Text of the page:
BHM 2023 exhibition and discussion evening: Oxford African Caribbean Histories Archive

photo from event

As part of Brookes Black History Month, the Oxford Brookes Equality, Diversity and Inclusion Network (EDIN) and the Oxfordshire Community Education Group co-organised an exhibition and discussion evening on local African Caribbean histories.

The events were part of a wider ongoing community-led initiative to reconstruct and expand an archive which gives insights into the African Caribbean presence and experience in Oxford and Oxfordshire.

The exhibition was curated by Foundation Arts and Design lecturer Rachel Barbaresi and shown in the foyer of the Richard Hamilton Building during October 2023. 

The show included archival photographs, video recordings and artefacts as well as stories and memories they hold for community members.

 Most photographs on display had formed part of an exhibition in 1979, which was titled ‘Reminiscences’ and organised by the African Caribbean Oral History Project. 

A video was screened in the foyer showing interviews with members of the Windrush generation in Oxford, recorded by community members in the 1980s through a collaboration with Film Oxford. 

Following this year’s BHM theme ‘Saluting Our Sisters’, the exhibition also highlighted impactful women in the African Caribbean community.

Over the years, members of the African Caribbean History Project have examined archives, collected artefacts and displayed the original exhibition throughout Oxford and Oxfordshire. 

The archival artefacts shown at Brookes have been digitised in a collaboration emerging from the knowledge exchange project ‘Finding Our Way: Space, Reclamation, and the Afro-Caribbean Experience in Oxford’, with researchers from Oxford Brookes and Torch at Oxford University, as well as Euton Daley and the Unlock the Chains collective.

Together with Dolcie Obhiozele from the Oxford Community Education Group, EDIN research fellow Hanna Klien-Thomas co-organised a discussion evening on the power of the community archive and Black History in Oxford.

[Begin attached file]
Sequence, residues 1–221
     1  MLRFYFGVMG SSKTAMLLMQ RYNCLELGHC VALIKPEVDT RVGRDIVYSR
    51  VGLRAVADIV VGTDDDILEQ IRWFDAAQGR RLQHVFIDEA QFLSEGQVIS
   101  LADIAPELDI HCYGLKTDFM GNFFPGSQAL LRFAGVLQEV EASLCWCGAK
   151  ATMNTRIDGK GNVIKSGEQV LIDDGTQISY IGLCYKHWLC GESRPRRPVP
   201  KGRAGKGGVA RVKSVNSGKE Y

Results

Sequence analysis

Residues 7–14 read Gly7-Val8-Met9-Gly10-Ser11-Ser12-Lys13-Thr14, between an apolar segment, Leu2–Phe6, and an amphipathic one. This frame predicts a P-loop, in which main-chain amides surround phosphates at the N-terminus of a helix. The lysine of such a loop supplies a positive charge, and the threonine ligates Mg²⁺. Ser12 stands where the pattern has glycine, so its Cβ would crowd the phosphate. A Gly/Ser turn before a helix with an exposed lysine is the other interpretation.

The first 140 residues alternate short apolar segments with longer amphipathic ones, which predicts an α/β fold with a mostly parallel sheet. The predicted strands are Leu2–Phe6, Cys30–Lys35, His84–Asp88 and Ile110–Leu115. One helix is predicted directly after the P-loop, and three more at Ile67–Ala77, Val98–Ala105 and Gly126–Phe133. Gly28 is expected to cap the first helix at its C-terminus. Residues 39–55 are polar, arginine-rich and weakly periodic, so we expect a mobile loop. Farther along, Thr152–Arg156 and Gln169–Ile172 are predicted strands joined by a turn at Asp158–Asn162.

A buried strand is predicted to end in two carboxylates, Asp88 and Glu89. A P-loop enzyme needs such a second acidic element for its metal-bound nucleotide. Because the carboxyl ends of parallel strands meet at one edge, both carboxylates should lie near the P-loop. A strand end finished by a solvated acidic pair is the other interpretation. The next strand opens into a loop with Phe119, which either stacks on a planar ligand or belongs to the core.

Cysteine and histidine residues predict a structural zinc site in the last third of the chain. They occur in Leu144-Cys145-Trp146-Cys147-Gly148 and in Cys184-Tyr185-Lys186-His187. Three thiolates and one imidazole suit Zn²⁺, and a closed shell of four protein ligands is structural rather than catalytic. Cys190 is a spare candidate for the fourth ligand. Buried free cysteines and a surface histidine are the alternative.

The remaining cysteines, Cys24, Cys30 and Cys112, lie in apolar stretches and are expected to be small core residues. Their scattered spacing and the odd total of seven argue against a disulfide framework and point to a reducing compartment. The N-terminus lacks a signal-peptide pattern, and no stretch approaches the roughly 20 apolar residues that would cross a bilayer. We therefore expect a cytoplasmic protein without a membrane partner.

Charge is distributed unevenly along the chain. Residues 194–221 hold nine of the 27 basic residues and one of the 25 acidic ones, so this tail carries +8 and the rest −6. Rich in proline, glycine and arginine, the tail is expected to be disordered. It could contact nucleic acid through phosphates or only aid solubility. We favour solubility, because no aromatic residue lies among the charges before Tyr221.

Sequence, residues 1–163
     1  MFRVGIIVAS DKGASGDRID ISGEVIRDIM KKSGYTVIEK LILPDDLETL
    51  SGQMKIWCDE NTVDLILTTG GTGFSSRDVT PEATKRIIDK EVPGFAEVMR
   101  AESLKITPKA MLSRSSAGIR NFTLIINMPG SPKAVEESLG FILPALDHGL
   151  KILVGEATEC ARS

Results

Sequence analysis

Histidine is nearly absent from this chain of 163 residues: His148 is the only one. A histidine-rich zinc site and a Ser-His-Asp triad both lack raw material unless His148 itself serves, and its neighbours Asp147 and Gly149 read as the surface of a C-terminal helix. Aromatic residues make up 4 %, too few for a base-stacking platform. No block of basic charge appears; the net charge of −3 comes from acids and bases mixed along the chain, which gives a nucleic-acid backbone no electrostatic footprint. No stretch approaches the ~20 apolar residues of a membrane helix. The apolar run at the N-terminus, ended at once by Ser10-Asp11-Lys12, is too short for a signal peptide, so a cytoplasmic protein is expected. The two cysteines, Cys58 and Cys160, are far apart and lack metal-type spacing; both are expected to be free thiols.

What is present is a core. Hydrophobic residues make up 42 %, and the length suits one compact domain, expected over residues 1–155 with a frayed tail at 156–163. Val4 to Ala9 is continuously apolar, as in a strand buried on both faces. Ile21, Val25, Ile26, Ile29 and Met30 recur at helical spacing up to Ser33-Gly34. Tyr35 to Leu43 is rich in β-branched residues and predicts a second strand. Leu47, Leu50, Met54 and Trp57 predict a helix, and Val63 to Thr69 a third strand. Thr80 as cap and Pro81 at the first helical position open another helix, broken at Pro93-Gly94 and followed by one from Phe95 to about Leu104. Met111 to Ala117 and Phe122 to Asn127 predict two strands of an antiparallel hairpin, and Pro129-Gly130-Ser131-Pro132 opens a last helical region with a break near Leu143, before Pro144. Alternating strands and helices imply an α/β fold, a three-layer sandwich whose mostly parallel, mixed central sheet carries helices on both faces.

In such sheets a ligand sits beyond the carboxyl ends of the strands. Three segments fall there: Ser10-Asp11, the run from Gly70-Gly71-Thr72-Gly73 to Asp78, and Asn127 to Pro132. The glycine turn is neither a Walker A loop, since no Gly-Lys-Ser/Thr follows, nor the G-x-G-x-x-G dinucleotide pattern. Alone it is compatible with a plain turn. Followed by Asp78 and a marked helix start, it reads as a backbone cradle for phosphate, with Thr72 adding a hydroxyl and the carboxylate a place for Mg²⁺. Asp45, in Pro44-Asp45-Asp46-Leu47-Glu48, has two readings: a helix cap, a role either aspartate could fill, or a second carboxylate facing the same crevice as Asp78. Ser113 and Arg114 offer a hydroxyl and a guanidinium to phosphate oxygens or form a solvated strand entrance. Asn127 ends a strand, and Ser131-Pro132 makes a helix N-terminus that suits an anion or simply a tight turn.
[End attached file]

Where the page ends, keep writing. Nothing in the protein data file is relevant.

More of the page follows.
Before the event opened to the public, students from the School of the Built Environment were guided through the exhibition followed by a Q&A with community members. The discussion event started with a guest lecture by Dr Nigel Carter (Oxford Community Action) exploring the wider context of the Oxford African Caribbean Histories Archive drawing on Black British and Caribbean traditions of intellectual thought. 

Inviting the audience to join the discussion, Dolcie Obhiozele highlighted milestones for the archive and key contributions by community members. Osmond Charles and Arona Jones-Ellis provided an insight into future plans and next steps for the community archive group.

The event was followed by a buffet dinner with a Caribbean inspired menu at The Terrace restaurant, providing opportunity to network and make new connections. All events were kindly supported by the Brookes EDI team.

The Oxfordshire Community Education Group stated: "This exhibition celebrates the first arrival of the Windrush generation in Oxford, it is vitally important that their contributions are recognized. We intend to continue to build on this in the future."

If you want to find out more or become part of the initiative, contact: and